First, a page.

'Case Sensitive,' 'Hit & Miss,' 'Inside Men' added to sked
French paybox Canal Plus has lined up three British dramas for its 2013 roster: assassin series “Hit and Miss,” crimer “Case Sensitive” and four-part serial “Inside Men.”
Shonda Rhimes procedural “Scandal” is one of the few new U.S. drama skeins on Canal Plus’ slate.
“Hit and Miss,” commissioned by BSkyB and DirecTV, stars Chloe Sevigny as a transgender killer for hire.
“It’s an auteur-driven and subversive series which stirs strong emotions and challenges viewers,” said Aline Marrache-Tesseraud, Canal Plus’ head of foreign fiction acquisitions. “We seldom get the opportunity to acquire such daring shows.”
“Case Sensitive” centers on two police officers investigating the death of a woman and her daughter, followed by a series of other murders.
“Inside Men,” created by Tony Basgallop and starring Steven Mackintosh and Ashley Walters, follows three employees of a security depot planning an armed robbery.
“Scandal” focuses on a high-profile crisis management firm founded by a former White House media consultant, played by Kerry Washington. Canal Plus has picked up the first two seasons.
The Gallic cabler also nabbed HBO’s “Game of Thrones,” Showtime’s “Homeland” and the second season of Starz’s “The Pillars of the Earth.”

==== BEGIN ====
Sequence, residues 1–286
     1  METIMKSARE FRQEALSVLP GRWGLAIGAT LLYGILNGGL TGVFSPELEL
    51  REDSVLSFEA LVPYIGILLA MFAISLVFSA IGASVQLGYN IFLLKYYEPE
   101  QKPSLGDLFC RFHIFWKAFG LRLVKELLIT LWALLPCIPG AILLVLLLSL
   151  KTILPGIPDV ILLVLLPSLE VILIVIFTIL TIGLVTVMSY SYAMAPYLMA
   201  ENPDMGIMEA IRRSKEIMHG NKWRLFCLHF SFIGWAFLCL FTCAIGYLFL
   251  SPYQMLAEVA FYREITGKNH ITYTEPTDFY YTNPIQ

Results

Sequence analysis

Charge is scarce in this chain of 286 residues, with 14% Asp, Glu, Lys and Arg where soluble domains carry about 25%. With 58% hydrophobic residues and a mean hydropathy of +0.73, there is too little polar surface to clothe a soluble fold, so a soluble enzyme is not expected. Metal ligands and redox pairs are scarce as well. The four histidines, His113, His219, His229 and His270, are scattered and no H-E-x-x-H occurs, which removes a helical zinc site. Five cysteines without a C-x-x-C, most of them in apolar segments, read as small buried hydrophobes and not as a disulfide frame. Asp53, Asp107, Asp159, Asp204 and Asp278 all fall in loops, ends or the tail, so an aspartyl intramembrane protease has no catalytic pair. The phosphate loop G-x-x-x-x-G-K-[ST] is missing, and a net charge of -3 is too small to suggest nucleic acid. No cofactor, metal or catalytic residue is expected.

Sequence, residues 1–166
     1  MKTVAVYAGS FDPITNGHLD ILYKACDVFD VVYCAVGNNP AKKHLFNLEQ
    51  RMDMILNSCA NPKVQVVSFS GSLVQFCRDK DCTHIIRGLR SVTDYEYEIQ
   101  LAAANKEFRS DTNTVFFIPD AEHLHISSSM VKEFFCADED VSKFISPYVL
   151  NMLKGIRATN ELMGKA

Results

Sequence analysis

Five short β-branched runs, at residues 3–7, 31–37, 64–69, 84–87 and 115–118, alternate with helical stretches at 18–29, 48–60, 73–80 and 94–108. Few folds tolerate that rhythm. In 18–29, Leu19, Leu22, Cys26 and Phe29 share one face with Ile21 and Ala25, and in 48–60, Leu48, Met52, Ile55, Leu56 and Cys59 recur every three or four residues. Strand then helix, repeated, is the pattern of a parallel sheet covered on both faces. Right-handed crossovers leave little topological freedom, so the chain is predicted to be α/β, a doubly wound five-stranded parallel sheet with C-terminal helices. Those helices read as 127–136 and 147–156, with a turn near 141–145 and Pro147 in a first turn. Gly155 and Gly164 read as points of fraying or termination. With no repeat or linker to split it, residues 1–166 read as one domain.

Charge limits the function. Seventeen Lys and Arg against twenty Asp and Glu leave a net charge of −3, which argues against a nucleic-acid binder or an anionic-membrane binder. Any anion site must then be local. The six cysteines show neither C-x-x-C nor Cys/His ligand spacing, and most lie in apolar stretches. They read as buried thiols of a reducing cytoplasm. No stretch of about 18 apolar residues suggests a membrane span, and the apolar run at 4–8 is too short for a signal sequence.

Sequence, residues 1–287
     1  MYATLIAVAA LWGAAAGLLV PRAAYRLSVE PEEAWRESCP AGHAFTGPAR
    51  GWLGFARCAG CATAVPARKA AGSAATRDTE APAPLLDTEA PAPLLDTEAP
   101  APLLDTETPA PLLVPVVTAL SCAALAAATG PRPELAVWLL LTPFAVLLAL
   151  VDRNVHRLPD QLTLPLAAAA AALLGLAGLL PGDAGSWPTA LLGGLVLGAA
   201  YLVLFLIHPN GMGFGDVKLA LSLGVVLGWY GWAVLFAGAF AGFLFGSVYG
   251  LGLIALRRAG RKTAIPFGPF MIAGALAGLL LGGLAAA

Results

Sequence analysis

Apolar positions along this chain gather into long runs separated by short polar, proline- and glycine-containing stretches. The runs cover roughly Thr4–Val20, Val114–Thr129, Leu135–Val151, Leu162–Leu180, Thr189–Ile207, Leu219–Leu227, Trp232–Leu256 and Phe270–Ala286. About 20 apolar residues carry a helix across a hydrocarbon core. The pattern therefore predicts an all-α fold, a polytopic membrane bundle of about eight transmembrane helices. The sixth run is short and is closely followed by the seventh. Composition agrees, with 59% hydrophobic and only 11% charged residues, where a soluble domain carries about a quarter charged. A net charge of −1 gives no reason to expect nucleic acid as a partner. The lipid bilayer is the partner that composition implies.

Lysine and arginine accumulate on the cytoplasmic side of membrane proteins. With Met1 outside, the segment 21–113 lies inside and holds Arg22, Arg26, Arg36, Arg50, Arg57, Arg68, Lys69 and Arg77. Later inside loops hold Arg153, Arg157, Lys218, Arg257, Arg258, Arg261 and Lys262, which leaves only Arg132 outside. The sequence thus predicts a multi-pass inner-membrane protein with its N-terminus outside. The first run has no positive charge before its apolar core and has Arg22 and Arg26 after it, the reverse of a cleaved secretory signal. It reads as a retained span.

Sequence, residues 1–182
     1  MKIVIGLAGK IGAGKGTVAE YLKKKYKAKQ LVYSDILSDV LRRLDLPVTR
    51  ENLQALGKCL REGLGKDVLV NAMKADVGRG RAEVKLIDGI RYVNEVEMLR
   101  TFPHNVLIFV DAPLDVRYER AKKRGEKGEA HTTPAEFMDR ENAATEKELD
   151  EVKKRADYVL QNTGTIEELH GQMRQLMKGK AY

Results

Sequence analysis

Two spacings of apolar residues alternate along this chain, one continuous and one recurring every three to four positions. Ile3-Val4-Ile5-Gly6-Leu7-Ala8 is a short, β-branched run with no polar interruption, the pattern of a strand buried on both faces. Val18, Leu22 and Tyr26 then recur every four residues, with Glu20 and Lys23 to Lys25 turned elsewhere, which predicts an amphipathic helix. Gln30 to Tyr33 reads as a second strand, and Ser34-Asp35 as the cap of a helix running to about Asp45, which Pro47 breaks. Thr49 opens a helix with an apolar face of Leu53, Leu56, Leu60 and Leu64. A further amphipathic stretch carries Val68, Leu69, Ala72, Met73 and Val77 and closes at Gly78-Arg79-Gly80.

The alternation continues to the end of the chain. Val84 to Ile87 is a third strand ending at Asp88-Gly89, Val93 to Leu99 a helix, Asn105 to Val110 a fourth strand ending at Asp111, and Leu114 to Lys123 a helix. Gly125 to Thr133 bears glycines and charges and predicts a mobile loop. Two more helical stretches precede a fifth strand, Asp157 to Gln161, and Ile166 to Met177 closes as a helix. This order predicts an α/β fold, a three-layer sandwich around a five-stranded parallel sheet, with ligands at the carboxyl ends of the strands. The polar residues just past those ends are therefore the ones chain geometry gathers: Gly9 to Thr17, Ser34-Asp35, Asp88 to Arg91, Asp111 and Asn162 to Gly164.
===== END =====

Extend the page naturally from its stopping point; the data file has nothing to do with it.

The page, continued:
With “Desperate Housewives” gone and popular Showtime skeins “Weeds” and “Dexter” ending in one and two seasons, respectively, Canal Plus is left with slots to fill.
“U.S. and European drama shows continue to be a leading draw for subscribers, which is why Canal Plus continues to dedicate a large budget to acquisitions of foreign series and mini-skeins,” said Marrache-Tesseraud. But she added that U.S. pay TV channels have been producing fewer compelling and singular shows in recent years.
Canal Plus has also ramped up its investment in Gallic fiction — whether in French or the English language — to feed its pipeline with original programming. Its slate includes the second order of Tom Fontana’s “Borgia” and costumer “Versailles,” which Andre and Maria Jacquemetton (“Mad Men”) have in development.